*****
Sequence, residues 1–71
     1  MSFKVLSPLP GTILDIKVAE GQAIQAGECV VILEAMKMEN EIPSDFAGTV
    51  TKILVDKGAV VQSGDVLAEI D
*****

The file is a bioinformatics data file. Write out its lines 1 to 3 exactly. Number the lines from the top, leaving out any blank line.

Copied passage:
Sequence, residues 1–71
     1  MSFKVLSPLP GTILDIKVAE GQAIQAGECV VILEAMKMEN EIPSDFAGTV
    51  TKILVDKGAV VQSGDVLAEI D